The banks have scrapped all of their previous complaints about transaction fees but still want full access to the NFC (near field communications) antenna in the iPhone which interacts with contactless payment systems.
Thus far in the case, Australian banks have primarily stuck with two central points of contention: the fees Apple charges and access to using the Apple Pay function for their own apps.
In a submission to the competition regulator on January 31, Apple said there were no public benefits to providing the banks access to its contactless payment system, and that doing so would give them a "free-ride" on Apple's investment in technology. On the iOS and iPhone operating system, only Apple is now allowed access to the NFC function.
"This application has always been about consumer choice, and allowing competition between the makers of mobile wallets to offer the best products and features they can to determine which mobile wallet consumers will use", he says.
"Given that Apple can't actually make a payment without using the banks' infrastructure, it seems to me a reasonable piece of reciprocity for Apple to actually open up their infrastructure to the banks, in exchange for the banks opening up the infrastructure for them". In this case, users could perform Apple Pay transactions through the application from their bank, which would increase traffic through those applications.
Previously, the banks also sought permission to collectively negotiate with Apple over its tight contract conditions, which prevent banks from passing on or disclosing any of the costs of paying for Apple Pay to customers or other businesses.
"That hasn't fully happened with the ACCC applicants, because the conversation is happening through the ACCC process, compared to what normally happens, which is we have the conversation bilaterally". All customers benefit from real competition.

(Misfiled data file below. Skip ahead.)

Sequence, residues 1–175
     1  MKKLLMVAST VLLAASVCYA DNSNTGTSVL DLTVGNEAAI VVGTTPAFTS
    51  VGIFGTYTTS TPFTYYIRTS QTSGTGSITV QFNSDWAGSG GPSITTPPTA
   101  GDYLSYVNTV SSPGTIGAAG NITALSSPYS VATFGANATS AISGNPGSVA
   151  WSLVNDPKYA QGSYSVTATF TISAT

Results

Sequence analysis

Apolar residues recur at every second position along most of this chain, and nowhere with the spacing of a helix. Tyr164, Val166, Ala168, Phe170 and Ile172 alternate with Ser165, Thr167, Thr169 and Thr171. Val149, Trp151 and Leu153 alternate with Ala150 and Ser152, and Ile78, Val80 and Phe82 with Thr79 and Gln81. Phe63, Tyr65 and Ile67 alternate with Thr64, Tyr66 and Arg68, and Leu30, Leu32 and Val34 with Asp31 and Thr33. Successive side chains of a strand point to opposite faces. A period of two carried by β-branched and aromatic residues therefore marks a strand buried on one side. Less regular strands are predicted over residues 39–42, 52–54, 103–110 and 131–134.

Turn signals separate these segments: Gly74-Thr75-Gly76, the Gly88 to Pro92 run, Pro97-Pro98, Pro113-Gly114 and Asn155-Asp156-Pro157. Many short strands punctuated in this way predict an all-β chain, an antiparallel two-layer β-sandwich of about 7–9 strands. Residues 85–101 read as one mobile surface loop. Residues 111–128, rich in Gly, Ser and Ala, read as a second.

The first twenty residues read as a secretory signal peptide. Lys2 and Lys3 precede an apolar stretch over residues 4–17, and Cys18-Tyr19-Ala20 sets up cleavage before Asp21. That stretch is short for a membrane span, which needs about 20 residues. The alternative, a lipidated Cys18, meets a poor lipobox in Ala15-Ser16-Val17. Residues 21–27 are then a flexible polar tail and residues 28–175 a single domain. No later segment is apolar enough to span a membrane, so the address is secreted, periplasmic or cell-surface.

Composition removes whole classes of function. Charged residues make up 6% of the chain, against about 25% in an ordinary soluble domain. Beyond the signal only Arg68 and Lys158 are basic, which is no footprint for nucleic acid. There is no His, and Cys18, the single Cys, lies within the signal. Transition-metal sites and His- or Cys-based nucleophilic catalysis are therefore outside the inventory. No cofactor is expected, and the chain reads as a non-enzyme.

They had also sought permission to launch a collective boycott of the service for up to three years, but last year the ACCC rejected their request in an interim decision it said was "finely balanced".
Rod Sims, the ACCC chairman however maintained that ACCC is not yet satisfied with the arguments given by the cartel. The banks and retailers argue this restricts consumer choice, and prevents them from offering compelling "digital wallets".
The Australian Retailers Association (ARA) - which represents 5,000 independent and national retailers - joined Bendigo and Adelaide Bank, Commonwealth Bank of Australia, National Australia Bank and Westpac Bank in their Apple Pay battle last week. "Any delay or frustration will be as a result of Apple refusing to negotiate", Blockley said. Apple keeps it guarded and does not allow any other application to use it other than Apple Wallet for security reasons.
"Apple is not a bank or a credit card scheme, and Apple can not on their own complete a mobile payment. Nor are the applicants manufacturers of mobile phones - both parties need each other to bring strong mobile payment offerings to the market", Blockley added.
In its latest submission, the banks held firm that NFC access would create opportunities to invest in NFC capabilities that do not exist without access.